In 1940, Abilene, Texas was just an overgrown country town of some 25,000 souls. World War II wrought a permanent change through the advent of a major army training camp housing 60,000 troops. Though the base closed at the end of the war, the city soon attracted an air force base that continued to leaven the community.Over the next seventy years, Abilene grew to be home to nearly 120,000 citizens. Population growth carried with it the need for geographic expansion, infrastructure upgrade, and economic diversification, but also unimaginable cultural change. While the retail operations of the city spread far beyond the bounds of the old business district, a historic preservation initiative changed the deteriorating downtown into a thriving and vibrant cultural center.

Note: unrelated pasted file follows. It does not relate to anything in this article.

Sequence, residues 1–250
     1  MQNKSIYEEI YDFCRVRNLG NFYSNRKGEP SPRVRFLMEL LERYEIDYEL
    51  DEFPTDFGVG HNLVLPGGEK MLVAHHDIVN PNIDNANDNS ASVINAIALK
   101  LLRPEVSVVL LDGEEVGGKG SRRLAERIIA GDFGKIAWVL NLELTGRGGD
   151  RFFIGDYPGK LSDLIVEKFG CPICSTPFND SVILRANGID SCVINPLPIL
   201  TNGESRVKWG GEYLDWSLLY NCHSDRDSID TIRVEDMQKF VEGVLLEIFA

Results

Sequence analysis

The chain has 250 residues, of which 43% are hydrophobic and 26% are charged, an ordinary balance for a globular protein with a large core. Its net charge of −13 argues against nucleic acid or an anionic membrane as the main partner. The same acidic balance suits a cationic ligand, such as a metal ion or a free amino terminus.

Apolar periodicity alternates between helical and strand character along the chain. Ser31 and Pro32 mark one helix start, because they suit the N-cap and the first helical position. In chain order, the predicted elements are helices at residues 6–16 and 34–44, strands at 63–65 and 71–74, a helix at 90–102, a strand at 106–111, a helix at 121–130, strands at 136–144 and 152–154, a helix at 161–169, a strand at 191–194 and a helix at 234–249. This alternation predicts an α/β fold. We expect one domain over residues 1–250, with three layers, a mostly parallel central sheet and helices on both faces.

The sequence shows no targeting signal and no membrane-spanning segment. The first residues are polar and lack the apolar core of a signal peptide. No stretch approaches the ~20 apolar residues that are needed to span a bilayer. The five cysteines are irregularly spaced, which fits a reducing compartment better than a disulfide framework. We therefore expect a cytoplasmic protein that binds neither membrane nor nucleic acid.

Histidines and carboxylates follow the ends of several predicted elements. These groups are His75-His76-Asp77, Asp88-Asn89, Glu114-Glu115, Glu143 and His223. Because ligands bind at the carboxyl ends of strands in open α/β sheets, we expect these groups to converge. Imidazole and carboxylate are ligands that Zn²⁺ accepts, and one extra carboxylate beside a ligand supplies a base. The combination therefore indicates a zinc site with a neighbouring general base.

ROBERT W. SLEDGE is Distinguished Professor Emeritus of History, McMurry University, and historian-in-residence for the Grady McWhiney Research Foundation. He has written several pieces on the history of Abilene, a place he has called home for the past forty-five years.